How, then, does Aster propose to differentiate itself when it must occasionally share its laurels with competitors? Senior director of product marketing Sean Kung says in-database MapReduce is just one of his company's selling points. He touts Aster's "recovery-oriented" approach to massively parallel processing (MPP), which he says differs significantly from the fault recovery features of its competitors.

"What we mean by 'recovery-oriented' computing is that instead of focusing [largely] on preventing things from failing, you assume that at some point they're going to fail," Kung explains. "These are commodity components. Things are bound to fail, because the prices are inexpensive, and when you have a large number of components, the law of statistical averages tells you that things are bound to fail."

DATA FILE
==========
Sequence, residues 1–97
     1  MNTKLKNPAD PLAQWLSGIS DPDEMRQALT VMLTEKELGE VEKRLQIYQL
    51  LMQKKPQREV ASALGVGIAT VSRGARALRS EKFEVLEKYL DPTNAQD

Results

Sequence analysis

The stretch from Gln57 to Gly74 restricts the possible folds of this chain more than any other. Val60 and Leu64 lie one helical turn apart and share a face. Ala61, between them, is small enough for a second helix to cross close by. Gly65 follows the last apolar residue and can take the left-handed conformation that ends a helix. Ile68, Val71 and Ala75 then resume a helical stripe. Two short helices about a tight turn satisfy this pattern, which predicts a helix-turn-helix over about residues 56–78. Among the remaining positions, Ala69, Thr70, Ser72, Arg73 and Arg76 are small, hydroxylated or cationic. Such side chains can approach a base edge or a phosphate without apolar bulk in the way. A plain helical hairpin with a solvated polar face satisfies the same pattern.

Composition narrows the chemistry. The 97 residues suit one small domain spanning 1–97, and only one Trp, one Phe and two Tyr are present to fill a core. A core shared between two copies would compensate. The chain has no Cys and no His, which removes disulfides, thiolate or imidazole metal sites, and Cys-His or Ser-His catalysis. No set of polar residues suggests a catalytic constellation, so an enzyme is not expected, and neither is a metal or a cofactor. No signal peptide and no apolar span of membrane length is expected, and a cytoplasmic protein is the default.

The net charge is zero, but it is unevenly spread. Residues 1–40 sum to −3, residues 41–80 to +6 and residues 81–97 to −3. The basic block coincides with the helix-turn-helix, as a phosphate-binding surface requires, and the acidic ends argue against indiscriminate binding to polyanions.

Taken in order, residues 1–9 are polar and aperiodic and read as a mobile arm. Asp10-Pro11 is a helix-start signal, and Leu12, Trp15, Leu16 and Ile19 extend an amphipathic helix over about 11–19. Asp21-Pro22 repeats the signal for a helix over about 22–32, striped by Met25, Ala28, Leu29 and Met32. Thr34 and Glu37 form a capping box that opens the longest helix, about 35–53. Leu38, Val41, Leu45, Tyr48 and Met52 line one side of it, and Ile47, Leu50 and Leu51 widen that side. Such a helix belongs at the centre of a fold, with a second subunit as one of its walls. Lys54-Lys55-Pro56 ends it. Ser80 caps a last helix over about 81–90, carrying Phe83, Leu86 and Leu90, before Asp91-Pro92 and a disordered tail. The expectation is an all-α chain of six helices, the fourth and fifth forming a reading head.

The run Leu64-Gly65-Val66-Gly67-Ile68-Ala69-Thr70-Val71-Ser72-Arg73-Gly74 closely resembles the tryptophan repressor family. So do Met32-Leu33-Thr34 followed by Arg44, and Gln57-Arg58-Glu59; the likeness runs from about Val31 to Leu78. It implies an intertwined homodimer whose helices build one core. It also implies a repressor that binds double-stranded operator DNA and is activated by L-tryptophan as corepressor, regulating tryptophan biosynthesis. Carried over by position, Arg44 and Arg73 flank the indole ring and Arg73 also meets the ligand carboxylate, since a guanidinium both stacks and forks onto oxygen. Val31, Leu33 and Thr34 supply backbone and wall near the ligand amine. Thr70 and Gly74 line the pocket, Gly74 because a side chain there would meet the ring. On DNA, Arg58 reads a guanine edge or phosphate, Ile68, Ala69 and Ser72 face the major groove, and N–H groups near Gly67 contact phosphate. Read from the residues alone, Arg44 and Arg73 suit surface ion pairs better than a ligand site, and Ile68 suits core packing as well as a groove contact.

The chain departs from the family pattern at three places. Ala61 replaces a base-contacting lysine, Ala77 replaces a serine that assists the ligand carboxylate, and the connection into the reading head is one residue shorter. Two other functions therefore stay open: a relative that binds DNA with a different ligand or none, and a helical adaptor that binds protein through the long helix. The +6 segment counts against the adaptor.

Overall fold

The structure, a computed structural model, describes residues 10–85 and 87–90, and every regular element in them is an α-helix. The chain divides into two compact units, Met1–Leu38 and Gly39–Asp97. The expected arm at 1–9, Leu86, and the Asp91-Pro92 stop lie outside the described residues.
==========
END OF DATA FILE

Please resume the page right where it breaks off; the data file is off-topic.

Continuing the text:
Aster handles recovery in several different ways. First, Kung says, in the event of a node failure, nCluster initiates an automatic failover. This usually occurs in a minimally disruptive manner. "The failover is seamless, so the queries in other workloads … that are actually hitting our nCluster system are not interrupted," he explains. "What's unique is that when we actually do the failover, not only is it seamless, but it's load-balanced. We have a concept called partitions -- think of them as buckets of data. When a server fails, the partitions actually get divvied up across the n-1 cluster of servers."